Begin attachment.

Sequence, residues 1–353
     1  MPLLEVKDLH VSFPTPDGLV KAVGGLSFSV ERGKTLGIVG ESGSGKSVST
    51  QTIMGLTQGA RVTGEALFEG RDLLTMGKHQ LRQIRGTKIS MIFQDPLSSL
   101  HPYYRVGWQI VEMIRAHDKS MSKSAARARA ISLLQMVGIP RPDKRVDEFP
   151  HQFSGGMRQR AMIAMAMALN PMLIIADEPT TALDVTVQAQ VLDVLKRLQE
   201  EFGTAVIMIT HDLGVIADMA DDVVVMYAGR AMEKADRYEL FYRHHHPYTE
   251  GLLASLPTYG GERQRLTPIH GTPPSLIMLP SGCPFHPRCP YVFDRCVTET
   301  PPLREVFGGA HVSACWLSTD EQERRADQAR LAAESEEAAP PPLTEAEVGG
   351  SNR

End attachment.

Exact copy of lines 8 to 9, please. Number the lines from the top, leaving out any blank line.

   301  PPLREVFGGA HVSACWLSTD EQERRADQAR LAAESEEAAP PPLTEAEVGG
   351  SNR